As wave after wave of Covid has crashed against our defences during the last two years, the NHS has managed to stand its ground. Nurses, doctors, cleaners and so many others have put everything on the line to care for patients and families up and down the country. Over this recent omicron wave, the heroism of those who work in the NHS has shone through once more.
But this has not come without cost. Staff have been stretched to their limits and we’ve seen a huge build-up in the Covid backlog of elective care. We know that up to 10 million people didn’t come forward for treatment during the pandemic and it is imperative that as many as possible come forward and get the care they need.
With 17 million cases of Covid-19 recorded, the pressures on the NHS cannot be underestimated and so neither can the scale of the task ahead. The hard truth is that with people returning to the NHS for scans, checks and procedures – and with many people already having waited so long – the total number of people on the waiting list will rise. In the short term, there is no amount of investment or reform that could prevent that reality.
But we must and will turn the tide and it is investment and reform that we need if we are to bring the waiting lists and waiting times down. The moment demands radicalism and that is what we will deliver.
Tackling the waiting lists is not just essential to improve NHS performance – it is a mission with social justice at its heart. Analysis from the King’s Fund shows that, on average, you are almost twice as likely to experience a wait of over a year if you live in a deprived area. If you’re from a poor area, you’ll get diagnosed later, you’ll get treatment later and you’ll likely die years earlier.
Overturning that moral outrage is my mission as Health and Social Care Secretary, and the plan I announced on Tuesday sets out four ways we can achieve this.
The first is increasing capacity – with more patients needing scans and treatment, we need more staff. We want to recruit 10,000 more nurses from overseas and 5,000 more healthcare support workers by the end of March.
We’re also pumping billions into the digital transformation of the NHS in order to build a permanently more efficient and dynamic health and care system. This will mean staff can spend more time with patients, rolling out new technology and automating tasks like patient registration and data uploads.
Secondly, we must rigorously assess the data on the Covid backlog, so that we are doing everything in our power to ensure patients facing the longest waits are getting access to the treatment they need. As well as data, we will analyse factors such as age, ethnicity and deprivation to see how they affect access to treatment, which will allow us to put plans in place to level up healthcare and tackle disparities.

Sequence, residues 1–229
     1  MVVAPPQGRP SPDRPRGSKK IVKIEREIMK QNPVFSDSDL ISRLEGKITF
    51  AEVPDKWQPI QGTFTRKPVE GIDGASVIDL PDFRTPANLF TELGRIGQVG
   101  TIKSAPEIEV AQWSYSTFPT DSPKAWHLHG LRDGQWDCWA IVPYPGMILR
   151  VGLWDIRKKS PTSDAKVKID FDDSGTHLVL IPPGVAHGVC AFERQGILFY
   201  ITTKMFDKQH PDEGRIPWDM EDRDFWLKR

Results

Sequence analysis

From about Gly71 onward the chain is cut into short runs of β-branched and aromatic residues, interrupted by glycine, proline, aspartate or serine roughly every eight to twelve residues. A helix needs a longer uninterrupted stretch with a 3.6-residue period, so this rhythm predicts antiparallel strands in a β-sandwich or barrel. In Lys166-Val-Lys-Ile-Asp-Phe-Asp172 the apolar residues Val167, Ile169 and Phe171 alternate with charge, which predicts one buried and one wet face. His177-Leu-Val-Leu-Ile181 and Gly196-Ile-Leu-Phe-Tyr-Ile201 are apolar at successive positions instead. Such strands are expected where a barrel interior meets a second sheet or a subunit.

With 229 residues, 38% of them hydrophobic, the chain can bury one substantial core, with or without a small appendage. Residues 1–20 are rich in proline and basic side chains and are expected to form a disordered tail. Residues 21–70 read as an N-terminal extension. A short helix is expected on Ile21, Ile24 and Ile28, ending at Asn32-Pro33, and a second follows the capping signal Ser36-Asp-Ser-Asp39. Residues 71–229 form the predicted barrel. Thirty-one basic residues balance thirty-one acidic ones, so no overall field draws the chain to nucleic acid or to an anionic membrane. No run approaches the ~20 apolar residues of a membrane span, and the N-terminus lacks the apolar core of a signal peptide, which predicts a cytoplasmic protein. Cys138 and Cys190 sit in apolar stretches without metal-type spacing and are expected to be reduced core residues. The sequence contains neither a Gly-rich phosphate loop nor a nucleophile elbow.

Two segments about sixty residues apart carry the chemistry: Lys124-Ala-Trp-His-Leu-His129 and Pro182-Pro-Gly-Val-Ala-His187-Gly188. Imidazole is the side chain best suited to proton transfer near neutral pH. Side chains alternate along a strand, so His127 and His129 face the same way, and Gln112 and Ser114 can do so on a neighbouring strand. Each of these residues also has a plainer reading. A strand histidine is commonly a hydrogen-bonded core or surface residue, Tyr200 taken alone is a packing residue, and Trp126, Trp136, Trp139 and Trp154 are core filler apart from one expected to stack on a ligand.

We have set ambitious targets to eliminate waits of over a year for elective care so that, by 2024, 99% of patients will be waiting for less than a year. We have clear targets that will get us there, including eliminating waits of over two years by this July. We will back this with more payment by results and real investment.
The third way we will make progress is by radically rethinking and redesigning how services are delivered. New surgical hubs and community diagnostics centres – one-stop-shops for checks, scans and tests closer to people’s homes – will open in communities and on high streets across the country.
To help with this, the NHS will reduce any unnecessary appointments, including by providing multiple tests at once, and give patients more flexibility to arrange their follow-up appointments as and when they need them.
Finally, we will put patients and their carers in control of their care, with all the information they need at their fingertips. I know how stressful and anxious it can be to wait for appointments and treatment, uncertain of when you’ll be seen. That’s why, on Monday, I announced a new web platform to provide data on waiting times and, for the first time ever, see where you are in the queue.
Data shows that a third of on-the-day cancellations are the result of patients not being clinically ready for treatment. Through My Planned Care, patients will be able to access personalised support ahead of surgery, so they feel ready and we can reduce last-minute cancellations. Patient choice for me is an intrinsic good, I want more of it and we will go further to give patients more power and control.
All of us will rely on the NHS at some point in our lives, and my job is to make sure it’s delivering for us all when we need it most.
This plan is not the last word on reform of the NHS, far from it. But it will help us reduce long waiting times, ensure access to life-changing care and deal with the Covid backlog.
This is a health imperative and a moral mission – and now we need to get on and deliver.
You can read the article on The Telegraph website, at: https://www.telegraph.co.uk/politics/2022/02/08/tackling-massive-nhs-wa…